of any, tending to divide between you and
us, the better to raise themselves on the
Ruins of both, we leave you to that God
whom we hope will never leave you while
you are prosecuting of that (which is pleasing
to Him) which is Justice, and opposing that
which is contrary to Him, namely, Tyranny
and Injustice; which is the Desires, and
shall be the Endeavours, of those who are
yours and the Kingdom's innocent and faithful Servants, whose Names are here sub
scribed, chosen to agitate in the Behalf of the
Albones, June 18th, 1647.
|"James Berry, Captain.
Thomas Ireton, Captain.
Jo. Carter, Captain.
Lewes Audley, Captain.
Daniell Abbott, Captain.
Alex. Brafield, Captain.
Ral. Knight, Captain.
Jo. Clarke, Captain.
Edm. Rolfe, Captain.
Henry Cannon, Captain.
Francis White, Captain.
Bart. Willcock, Captain.
"To our Honoured Friends the Masters of
the Society of The Trinity House, these
"Ex. Rob't Coytmor."
Answer of The Trinity House to them.
"The Answer of The Trinity House, as it was delivered by the Two Soldiers that brought the
Letter, in these or the like Words.
"That it was not in the Capacity of the Corporation
to give any Answer in Writing to the said Letter
(though by the said Messengers it was earnestly desired), by reason Half the Corporation were not then
"That we were only a Private Corporation, to determine of Differences between Man and Man and
Naval Affairs; and not in the same Condition as
those of the City of London were (unto whom, as
they said, they had made their Addresses.)
"That it shall be our earnest Prayers to God, to send
a right Understanding between the Parliament and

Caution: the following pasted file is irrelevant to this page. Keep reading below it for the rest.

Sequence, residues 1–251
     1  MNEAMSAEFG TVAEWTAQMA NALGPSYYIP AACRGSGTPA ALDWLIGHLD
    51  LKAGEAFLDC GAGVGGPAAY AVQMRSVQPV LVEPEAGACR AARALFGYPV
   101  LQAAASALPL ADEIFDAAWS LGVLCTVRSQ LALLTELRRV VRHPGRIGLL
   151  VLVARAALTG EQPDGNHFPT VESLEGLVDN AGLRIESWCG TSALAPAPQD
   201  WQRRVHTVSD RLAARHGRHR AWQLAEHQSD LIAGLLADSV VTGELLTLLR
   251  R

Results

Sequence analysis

the Army; for the Settlement of the Privileges thereof,
the Liberty of the Subject, the Administration of
Justice, and Peace of the Kingdom.
"That what by us was from Time to Time done, in
or concerning the Naval Affairs of the State, was
by Order and Warrant from the Right Honourable
Committee of the Admiralty, and not from any Power
of our own.
"And when they urged, "That their Intentions by
that Address by a Letter was but to clear themselves
from all Misinterpretations and Misrepresentations (as
in the Letter is set forth) which might be thrown
upon them;" it was answered," That, so far as
that or the like Address might consort and suit with
the Judgement and Sense of the Parliament, it should
be our Opinions also.
"And these or the like Words were delivered, or
to this Effect.
19 June, 1647.
"Ex. Rob. Coytmor."
Officers of the Army desire The Trinity House will prevent Ships being sitted out against them.
"Besides the verbal reciting of divers Particulars
mentioned in the Letter, these or the like
Words were by One of the Messengers
"That, as they hoped, having fully satisfied the
Corporation, as they had done those of London and
others unto whom they had made the like Addresses,
with their pious and just Intentions, they did likewise hope that the Corporation, being as they conceived intrusted with the Naval Affairs of the Kingdom, would, as much as in them lay, oppugn and
resist the raising of any Naval Force which might be
intended against them; or to this Effect.
Ex. Rob. Coytmor."
Petit to be instituted to Whapload.
Ordered, &c. That Doctor Heath do give Institution and Induction unto Edmund Pettit Clerk, unto the
Vicarage of Whapload, in the County of Lincolne, void
by the Cession of the last Incumbent, salvo Jure cujuscunque; the said Mr. Pettit taking the National League
and Covenant, and producing his Presentation thereunto under the Great Seal of England.